employees and he "walked out."*fn2 (Id.). Although the exact dates and duration of his employment at JA Associates is unknown, Plaintiff quit and subsequently worked for Blue Freedom Market. Plaintiff testified that his job at Blue Freedom Market required him to "get rid of old fruit." (Id.). Plaintiff was fired from Blue Freedom Market because "some people got in trouble, and [Plaintiff] didn't stick up for the people so they fired [him]." (Id.). Plaintiff worked for Blue Freedom Market for "close to two weeks." (Tr. 260).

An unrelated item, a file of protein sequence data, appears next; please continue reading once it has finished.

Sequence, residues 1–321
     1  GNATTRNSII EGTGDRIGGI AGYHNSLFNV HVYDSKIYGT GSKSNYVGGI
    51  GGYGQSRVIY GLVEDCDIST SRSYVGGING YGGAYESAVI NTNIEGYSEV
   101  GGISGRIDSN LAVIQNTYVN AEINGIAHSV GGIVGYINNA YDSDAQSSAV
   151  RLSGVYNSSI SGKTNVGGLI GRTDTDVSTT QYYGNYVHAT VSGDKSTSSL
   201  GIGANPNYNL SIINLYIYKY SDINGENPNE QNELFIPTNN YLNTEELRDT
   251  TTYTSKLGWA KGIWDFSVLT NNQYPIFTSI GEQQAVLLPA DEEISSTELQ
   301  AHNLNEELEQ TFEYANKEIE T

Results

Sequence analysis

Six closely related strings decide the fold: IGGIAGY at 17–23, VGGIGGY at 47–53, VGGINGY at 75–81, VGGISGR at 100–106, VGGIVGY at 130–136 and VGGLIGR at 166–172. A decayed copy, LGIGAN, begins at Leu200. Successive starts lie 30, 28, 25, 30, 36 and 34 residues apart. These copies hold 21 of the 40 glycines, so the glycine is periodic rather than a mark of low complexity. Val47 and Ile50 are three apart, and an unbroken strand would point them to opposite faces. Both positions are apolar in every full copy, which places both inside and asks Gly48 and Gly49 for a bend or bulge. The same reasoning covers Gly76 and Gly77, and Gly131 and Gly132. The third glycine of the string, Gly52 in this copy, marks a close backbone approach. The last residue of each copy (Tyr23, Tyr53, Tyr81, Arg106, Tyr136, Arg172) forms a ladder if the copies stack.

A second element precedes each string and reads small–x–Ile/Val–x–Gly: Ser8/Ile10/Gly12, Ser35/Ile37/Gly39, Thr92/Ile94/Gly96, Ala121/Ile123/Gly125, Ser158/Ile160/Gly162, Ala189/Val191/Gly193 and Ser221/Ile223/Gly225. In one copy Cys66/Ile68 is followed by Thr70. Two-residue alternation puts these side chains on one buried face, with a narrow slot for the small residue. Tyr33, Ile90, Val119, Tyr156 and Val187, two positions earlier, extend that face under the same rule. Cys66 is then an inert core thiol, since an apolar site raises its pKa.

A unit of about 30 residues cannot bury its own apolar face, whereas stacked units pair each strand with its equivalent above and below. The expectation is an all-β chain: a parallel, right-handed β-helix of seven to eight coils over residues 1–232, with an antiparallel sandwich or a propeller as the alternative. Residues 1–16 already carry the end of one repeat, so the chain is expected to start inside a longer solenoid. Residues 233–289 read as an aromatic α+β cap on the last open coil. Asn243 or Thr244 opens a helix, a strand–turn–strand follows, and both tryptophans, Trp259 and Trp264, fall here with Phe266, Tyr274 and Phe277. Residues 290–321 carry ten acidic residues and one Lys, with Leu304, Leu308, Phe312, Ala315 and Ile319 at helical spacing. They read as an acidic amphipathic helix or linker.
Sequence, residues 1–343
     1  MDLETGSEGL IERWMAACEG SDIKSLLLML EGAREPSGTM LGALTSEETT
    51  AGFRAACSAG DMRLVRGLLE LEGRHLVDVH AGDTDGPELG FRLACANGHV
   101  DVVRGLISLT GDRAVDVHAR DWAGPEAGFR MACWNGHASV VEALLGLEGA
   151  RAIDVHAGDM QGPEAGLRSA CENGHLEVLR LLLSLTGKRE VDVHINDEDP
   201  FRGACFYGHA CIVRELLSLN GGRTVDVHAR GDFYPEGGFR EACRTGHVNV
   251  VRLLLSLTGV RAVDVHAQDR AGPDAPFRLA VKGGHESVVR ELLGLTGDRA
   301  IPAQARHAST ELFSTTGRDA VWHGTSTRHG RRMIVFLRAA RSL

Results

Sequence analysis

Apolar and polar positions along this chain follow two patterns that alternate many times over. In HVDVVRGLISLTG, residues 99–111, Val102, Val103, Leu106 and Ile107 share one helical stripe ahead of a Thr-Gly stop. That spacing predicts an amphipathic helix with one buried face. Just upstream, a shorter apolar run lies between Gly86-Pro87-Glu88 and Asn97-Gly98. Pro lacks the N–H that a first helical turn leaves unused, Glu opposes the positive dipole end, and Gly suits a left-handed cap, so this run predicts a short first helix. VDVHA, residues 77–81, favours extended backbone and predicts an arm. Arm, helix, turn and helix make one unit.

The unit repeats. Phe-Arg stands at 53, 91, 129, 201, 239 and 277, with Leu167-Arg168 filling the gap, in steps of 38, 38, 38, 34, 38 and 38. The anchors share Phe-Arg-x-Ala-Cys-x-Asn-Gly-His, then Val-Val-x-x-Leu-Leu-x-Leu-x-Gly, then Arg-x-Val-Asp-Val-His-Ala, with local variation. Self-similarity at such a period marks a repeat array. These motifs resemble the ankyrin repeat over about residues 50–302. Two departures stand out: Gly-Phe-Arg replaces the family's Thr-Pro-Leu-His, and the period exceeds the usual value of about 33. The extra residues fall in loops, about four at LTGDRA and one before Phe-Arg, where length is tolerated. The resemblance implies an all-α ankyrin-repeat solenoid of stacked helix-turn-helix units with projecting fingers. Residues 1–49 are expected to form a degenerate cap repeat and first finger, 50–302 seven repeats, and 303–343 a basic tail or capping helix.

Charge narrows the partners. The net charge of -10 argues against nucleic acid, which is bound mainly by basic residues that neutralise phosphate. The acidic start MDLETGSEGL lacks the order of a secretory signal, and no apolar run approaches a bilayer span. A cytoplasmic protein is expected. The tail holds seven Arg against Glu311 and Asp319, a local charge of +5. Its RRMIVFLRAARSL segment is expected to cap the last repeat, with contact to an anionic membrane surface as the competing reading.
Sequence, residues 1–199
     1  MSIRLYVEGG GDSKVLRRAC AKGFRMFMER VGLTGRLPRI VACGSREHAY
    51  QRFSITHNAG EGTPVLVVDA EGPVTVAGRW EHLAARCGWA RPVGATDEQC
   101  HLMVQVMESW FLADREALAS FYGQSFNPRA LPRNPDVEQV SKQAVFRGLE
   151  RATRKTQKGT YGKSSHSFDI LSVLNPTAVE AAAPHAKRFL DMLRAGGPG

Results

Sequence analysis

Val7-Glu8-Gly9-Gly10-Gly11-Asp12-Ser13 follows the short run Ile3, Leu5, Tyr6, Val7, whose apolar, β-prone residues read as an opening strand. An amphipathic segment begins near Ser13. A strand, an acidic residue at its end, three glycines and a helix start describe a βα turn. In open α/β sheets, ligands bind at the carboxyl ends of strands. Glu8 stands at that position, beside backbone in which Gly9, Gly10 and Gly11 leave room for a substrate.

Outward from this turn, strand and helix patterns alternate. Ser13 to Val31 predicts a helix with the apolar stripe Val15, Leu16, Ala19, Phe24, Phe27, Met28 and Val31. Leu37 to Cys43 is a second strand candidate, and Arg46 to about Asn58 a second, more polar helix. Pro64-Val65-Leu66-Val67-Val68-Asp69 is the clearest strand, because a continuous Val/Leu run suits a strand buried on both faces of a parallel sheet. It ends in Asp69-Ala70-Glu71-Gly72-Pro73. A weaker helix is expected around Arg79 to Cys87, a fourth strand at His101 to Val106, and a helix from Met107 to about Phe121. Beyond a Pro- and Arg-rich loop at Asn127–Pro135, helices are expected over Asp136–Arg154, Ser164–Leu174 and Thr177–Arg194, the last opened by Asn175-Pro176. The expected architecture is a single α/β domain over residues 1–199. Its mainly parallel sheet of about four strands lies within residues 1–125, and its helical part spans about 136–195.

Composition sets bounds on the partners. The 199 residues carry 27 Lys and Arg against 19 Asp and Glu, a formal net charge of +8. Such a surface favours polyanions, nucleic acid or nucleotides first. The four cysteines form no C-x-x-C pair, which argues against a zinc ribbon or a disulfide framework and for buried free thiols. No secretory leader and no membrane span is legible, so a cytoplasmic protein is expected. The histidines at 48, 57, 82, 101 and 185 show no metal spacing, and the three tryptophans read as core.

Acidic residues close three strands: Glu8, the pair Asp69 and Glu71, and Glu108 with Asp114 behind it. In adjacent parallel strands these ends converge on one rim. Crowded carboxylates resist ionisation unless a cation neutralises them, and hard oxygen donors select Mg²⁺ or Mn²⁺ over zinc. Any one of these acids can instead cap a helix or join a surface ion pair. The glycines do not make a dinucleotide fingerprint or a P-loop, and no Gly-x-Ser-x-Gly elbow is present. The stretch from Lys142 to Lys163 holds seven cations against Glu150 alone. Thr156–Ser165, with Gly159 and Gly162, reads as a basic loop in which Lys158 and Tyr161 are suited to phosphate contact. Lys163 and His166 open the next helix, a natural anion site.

After Blue Freedom Market, Plaintiff worked for Happy Temps, a temporary work service. (Tr, 255). One of Plaintiff's jobs was in Dixon, Illinois where he picked up paper, branches and other things in a landfill. (Id.). Plaintiff left his landfill job in Dixon after only a couple of weeks because "[s]ome guy got killed there — a machine fell on him — and the main boss . . . said we couldn't take temps because we didn't have safety equipment. . . ." (Id.). After working in the Dixon landfill, Plaintiff worked for Gulrab Farms in October 1997. Plaintiff's employment at the farm was seasonal. When asked what he did at Gulrab Farms, Plaintiff responded "gathering up turkeys and hanging them." Plaintiff allegedly quit his job at Gulrab Farm because the owner died. (Id.). That was the last "regular" job Plaintiff had. Since his job at Gulrab Farm, Plaintiff stated that now he just collects cans or performs odd jobs. (Id.).